Half Door brewing is one of the few San Diego breweries, maybe the only one, that doesn’t sell bottles or growlers to go. This is due to their license and hopefully will change soon. Though I didn’t eat anything when we visited, my friends who joined me were very impressed by the food they had. Parking can be crazy around Half Door during the weekdays but it is worth visiting if you are already downtown or can park nearby and Uber in.
Coleman’s Dry Irish Stout
When I first visited Quantum brewing soon after they opened, they had a decent lineup of beers with nothing better than average and a few that missed the mark. For a time they had some growing pains and the word online was that they got worse. Thankfully I never experienced that part of things. Now they have a new brewer and had a grand re-opening to let everyone know things are new. I stopped by and had four tasters and the beers are a little better than they were at the beginning, more in line with the local standards, though still not at the level of Council or Societe down the street.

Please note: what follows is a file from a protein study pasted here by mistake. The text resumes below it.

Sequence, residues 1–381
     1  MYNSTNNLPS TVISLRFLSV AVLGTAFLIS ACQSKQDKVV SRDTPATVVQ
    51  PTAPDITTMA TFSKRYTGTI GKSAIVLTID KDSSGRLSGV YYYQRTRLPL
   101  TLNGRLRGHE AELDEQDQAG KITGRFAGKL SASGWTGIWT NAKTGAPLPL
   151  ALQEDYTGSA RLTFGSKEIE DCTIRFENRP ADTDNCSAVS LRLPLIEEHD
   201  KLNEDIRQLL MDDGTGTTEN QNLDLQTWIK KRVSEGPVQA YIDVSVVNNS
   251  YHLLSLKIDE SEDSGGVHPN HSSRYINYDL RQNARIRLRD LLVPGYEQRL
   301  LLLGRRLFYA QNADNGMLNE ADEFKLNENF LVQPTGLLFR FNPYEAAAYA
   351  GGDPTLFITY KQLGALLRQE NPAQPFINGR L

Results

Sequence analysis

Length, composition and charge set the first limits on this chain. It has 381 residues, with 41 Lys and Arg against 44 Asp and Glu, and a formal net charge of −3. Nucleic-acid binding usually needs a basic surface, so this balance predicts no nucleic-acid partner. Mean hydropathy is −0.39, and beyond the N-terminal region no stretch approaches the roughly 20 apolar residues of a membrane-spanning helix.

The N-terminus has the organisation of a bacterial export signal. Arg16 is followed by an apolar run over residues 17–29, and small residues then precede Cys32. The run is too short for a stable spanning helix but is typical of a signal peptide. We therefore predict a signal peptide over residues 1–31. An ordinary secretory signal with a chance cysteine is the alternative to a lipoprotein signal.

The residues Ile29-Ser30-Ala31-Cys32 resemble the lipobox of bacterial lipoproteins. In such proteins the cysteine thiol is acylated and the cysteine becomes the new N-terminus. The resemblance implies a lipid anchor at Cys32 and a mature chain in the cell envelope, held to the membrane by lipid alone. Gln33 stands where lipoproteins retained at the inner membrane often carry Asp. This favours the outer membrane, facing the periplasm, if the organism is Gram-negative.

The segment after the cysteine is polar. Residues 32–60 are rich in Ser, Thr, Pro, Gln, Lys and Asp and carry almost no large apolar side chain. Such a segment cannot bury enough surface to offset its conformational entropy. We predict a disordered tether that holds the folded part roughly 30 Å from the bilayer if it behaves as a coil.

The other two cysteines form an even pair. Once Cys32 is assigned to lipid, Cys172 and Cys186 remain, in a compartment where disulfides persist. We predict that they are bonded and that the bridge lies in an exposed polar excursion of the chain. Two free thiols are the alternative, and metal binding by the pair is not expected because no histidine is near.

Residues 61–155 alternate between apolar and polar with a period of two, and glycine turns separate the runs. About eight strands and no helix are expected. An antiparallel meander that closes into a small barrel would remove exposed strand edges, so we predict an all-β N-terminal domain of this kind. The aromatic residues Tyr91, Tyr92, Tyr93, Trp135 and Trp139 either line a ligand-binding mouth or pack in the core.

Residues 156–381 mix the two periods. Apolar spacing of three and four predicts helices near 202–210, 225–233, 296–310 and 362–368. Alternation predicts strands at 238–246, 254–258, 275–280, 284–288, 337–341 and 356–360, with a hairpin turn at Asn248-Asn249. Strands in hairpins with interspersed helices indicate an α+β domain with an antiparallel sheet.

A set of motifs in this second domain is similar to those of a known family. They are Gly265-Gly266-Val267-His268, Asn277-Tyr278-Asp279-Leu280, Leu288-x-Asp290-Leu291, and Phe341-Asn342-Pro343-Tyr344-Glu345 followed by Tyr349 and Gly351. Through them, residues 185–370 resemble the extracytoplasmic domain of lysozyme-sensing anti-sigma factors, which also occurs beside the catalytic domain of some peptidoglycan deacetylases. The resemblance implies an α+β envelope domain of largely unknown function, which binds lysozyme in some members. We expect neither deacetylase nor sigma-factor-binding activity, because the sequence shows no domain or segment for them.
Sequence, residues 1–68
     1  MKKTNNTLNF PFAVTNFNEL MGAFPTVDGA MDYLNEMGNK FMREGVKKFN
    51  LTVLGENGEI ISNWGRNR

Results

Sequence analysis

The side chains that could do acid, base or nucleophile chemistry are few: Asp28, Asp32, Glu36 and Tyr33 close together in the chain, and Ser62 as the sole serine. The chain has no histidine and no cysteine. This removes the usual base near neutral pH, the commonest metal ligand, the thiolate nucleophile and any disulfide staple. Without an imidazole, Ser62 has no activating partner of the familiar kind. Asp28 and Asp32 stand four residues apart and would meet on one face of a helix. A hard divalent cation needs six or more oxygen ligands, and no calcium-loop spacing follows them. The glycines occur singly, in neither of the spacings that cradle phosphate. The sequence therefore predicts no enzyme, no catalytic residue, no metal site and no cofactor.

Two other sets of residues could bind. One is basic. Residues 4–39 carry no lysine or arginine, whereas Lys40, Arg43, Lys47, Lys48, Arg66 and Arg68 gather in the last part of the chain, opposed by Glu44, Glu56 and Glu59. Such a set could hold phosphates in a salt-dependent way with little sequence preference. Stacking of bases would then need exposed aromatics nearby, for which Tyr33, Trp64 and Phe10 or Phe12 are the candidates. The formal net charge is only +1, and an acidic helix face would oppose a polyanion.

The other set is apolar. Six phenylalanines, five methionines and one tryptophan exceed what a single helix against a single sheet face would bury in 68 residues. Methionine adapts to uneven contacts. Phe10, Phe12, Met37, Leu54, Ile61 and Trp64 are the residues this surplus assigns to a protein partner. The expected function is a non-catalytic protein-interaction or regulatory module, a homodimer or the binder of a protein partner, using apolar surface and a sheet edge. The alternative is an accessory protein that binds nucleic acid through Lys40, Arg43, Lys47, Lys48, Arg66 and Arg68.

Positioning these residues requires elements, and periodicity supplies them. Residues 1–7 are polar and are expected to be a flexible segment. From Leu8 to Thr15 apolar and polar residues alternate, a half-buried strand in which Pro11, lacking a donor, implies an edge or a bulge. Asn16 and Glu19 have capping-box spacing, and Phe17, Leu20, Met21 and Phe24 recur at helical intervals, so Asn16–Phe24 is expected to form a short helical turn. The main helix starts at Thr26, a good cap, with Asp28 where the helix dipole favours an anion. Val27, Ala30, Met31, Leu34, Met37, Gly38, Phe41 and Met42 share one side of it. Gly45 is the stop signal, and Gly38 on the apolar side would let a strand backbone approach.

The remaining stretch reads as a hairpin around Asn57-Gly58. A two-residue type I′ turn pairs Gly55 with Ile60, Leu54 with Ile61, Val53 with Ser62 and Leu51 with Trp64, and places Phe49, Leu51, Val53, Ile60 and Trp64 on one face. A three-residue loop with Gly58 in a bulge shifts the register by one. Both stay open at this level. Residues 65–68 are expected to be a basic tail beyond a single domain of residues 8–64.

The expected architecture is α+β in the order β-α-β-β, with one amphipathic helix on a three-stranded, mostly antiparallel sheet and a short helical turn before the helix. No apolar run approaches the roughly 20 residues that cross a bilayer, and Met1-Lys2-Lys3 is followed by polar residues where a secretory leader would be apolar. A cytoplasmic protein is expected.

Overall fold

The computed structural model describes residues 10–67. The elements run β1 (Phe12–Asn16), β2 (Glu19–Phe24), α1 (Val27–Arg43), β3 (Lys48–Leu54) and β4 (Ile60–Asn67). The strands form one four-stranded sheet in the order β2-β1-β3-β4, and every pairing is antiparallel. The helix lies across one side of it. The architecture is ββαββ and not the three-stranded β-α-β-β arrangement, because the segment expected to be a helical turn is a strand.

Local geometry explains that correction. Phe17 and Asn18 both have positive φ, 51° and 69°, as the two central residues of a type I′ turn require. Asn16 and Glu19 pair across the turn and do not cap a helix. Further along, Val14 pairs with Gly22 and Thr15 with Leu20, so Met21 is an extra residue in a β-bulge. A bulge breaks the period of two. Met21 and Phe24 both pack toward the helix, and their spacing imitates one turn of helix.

The blood orange wit had tons of orange flavor with a gorgeous red-orange color. It had the flavors right but there was a flavor in the finish that should not have been there. The session IPA was light and clean with mild citrus and grassy hops without too much bitterness. This was a huge improvement over the extremely bitter session IPAs they had with the previous brewer. For a new brewer coming out with a session IPA like this is quite impressive. It is about what you would expect around San Diego.
The IPA was a bit malt-forward and while it had some apricot notes from the hops it had a heavy bready malt character. Considering it is not West Coast in style at all, it is a nicely balanced English style IPA and is well-crafted. Since most hop heads crave something either juicy or classic West Coast style this is a huge miss. I would even say that labeling this an IPA in San Diego without calling it English or Red is borderline deceptive though I know it wouldn’t sell as well if they did. The Imperial Stout was a good mix of caramel and roast with a sticky sweet finish. While it had a good balance with bitterness, I thought it was a bit too bitter for the style. Still, this was one of the better of the bunch.